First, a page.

“Gender equality!” The crowd screamed. “Enough is enough” the crowd shouted. “This is our call-equality for all” the crowd demanded.
The Commission on the Status of Women’s (CSW) 59th session was launched on March 9th. Simultaneously, The Beijing Declaration and Platform for Action (Beijing+20) marked their 20th anniversary. The main challenges and progress of Beijing+20 will be discussed, as it is evident that gender equality is still an issue that we cannot seem to resolve.
To celebrate the anniversary and remind the world that women are still fighting for equality, UN Women initiated the Step IT Up For Gender Equality walk on March 8, 2015 on International Women’s Day to promote gender equality for all. The day was inspirational and full of energy as women and men gathered together and walked. And as they did, I asked them why they were there.
Naina H. who is from Morocco, mentioned that violence against women is a prevalent issue that her country has, where “legislation is discriminatory, penalty code, child marriage and child workers are still a problem”. Naina, like many other women, wants to live in a society where discrimination does not take place. “I am so honored to be here with all these women walking towards change.”
Representing FAANOS Magazine, Waheed who is from Afghanistan, is walking for women’s equality and elimination of violence against women in Afghanistan. As a man, Waheed recognizes the many problems that women face and said that “women are half of our nation’s body, we are working hard with international community and Afghanistan government to end inequalities and violence against women”
Safiye from NYU-CGA group is from Turkey and mentioned that the biggest problem her country is facing is female inequality, which causes “obstacles to democracy, security and economic instability”. Her message for the world is “to start perceiving women as human beings” she also appealed for more men to be involved in women’s issues and be an active part of such discussions.
Patricia, representing REPEM’s organization strongly defended the rights for women in sexual reproduction stating that “we are Latin Americans promoting educational rights for women”
Shirley, from Jamaica expressed her concerns that “women are so abused and the time for change is now. We need change. I was a domestic worker for 30 years, and I was very abused. Now I am a leader to domestic workers union Caribbean domestic workers network and Jamaican workers union.”
Vidor from Sweden who represented fathers at the walk said,“ Men and women need to be equal, we need to have society based on love and equality and share power of equality instead of having power imbalance.” Sweden is already one of the leading countries for gender equality in all forms and has presented itself as a country for other to emulate in terms of its vast progress in this area of great concern.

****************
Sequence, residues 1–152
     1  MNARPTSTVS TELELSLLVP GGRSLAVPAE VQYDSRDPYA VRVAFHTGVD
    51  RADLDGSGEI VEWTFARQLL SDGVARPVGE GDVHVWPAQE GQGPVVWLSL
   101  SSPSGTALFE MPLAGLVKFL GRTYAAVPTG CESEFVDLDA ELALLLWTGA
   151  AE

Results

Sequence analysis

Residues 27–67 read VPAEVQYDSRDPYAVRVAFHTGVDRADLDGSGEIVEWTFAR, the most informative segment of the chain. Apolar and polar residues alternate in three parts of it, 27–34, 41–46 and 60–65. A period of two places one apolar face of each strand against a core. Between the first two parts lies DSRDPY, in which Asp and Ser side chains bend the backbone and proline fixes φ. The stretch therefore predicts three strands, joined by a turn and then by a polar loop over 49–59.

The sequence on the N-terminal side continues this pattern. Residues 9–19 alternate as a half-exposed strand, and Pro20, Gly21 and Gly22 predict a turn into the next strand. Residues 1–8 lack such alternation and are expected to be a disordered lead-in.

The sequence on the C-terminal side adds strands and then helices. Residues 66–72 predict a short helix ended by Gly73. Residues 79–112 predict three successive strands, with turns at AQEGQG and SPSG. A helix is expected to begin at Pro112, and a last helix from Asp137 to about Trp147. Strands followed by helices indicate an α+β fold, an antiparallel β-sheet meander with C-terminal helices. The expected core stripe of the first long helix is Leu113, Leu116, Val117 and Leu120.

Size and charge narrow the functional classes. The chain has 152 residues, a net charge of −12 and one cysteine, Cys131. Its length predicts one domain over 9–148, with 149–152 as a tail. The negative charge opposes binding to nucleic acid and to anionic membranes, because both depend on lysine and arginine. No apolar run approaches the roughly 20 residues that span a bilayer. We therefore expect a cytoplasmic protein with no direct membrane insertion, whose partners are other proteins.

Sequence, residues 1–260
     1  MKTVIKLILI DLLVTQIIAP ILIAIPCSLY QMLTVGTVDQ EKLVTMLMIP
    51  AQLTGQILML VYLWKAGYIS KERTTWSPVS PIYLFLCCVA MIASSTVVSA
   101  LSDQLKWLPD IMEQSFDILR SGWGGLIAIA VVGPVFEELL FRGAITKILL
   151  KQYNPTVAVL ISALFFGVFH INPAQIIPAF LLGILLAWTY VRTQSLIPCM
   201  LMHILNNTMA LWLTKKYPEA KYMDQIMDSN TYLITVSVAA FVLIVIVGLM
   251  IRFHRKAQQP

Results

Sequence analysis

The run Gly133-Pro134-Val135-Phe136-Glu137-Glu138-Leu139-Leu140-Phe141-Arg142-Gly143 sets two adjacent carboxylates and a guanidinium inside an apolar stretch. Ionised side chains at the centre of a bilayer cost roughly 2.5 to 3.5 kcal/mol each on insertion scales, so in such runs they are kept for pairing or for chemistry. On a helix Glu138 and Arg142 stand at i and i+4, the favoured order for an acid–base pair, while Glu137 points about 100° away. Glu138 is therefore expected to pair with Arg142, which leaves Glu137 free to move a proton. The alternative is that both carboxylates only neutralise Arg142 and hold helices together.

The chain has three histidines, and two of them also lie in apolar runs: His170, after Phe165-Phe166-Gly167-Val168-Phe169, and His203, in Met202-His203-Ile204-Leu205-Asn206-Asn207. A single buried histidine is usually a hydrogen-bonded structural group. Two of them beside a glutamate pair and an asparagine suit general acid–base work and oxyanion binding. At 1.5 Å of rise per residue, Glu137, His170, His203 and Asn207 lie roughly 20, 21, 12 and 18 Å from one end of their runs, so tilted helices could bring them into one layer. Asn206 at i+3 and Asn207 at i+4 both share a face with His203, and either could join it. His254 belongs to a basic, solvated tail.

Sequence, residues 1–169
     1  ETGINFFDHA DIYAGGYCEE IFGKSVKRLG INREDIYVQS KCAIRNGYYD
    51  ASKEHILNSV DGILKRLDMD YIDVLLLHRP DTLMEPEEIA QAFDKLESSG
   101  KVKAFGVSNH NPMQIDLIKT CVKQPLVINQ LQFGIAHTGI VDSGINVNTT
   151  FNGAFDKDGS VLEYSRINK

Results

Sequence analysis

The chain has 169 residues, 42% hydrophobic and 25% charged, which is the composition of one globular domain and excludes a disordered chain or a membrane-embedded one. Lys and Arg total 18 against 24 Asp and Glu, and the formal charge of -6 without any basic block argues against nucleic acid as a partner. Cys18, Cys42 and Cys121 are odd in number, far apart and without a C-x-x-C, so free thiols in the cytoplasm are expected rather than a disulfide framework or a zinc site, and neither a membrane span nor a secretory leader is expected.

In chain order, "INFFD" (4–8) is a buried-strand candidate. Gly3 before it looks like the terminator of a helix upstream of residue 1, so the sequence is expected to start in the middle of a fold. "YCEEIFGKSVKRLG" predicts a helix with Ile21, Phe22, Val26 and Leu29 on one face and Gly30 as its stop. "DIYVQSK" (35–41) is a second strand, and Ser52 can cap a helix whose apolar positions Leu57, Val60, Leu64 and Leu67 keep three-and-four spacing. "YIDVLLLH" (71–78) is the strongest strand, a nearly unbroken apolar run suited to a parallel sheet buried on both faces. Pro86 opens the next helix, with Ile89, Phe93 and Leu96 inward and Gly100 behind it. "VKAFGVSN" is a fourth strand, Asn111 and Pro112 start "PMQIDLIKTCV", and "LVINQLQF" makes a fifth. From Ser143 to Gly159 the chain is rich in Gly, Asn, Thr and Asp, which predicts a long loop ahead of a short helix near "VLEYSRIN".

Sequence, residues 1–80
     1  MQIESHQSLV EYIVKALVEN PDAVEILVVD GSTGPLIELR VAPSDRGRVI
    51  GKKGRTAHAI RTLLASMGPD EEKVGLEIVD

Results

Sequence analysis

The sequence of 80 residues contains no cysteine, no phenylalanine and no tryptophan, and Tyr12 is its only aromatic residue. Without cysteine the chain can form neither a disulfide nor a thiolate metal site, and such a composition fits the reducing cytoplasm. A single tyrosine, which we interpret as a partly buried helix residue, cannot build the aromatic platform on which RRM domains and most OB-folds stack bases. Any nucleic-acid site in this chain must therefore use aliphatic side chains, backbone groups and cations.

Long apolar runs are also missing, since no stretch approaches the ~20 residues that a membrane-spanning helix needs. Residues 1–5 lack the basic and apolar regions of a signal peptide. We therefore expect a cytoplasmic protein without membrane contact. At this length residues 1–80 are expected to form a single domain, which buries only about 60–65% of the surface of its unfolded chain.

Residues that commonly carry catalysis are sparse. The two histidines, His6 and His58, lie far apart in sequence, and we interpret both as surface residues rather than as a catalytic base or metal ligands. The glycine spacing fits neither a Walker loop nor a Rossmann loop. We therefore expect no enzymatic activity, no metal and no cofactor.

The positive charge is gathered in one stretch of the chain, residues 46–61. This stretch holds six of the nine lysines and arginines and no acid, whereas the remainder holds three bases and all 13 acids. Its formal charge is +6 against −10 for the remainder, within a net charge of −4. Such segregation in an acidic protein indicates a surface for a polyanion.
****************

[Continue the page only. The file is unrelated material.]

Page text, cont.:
Gaila, who is 18 years old, is a youth representative from the United States. She deeply supports feminism and for all of us to “ look at the world around and realize that things are not equal.” Gaila called upon privileged individuals who have money but are ignorant towards issues of gender inequality. Arguing that “they have no idea what is happening around them”. Similarly, Grace who is 17 years old confirmed that feminists are not aggressive we just want to be equal.
Lovelyn, from Nigeria representing the 100 Women lobby group made her point saying: “I am in this march, because I want fairness and equality for women especially in the government. In Nigeria at the moment we have only 7% women representation in the parliament and that’s not good enough. We want more”
Lovelyn concluded, “I am marching here today for equal representation in decision-making in Nigeria and the rest of the world.”
Syed M. is from Kashmir, and he is the 81st man to join the HeForSHe campaign, which launched in September. “In my country Human Rights violations happen all the time, it allows women to be killed for honor. It is up to us to change that and to stand up for what its right. If it’s not us then who, if it’s not now, when?
The Women’s Day March was more than celebrating International Women’s Day, it marked a continued push for action by all genders. It was also clear that the event was personal for many people there. Despite all of us having a different gender, being from different countries, different organizations, having different ages, job occupations and even experiences, we were all united. We all can relate to each other and have the same goals. We all know how it feels to be discriminated against. It is time for change to happen as more of us demand it.
“What do we want?”
“When do we want it?”
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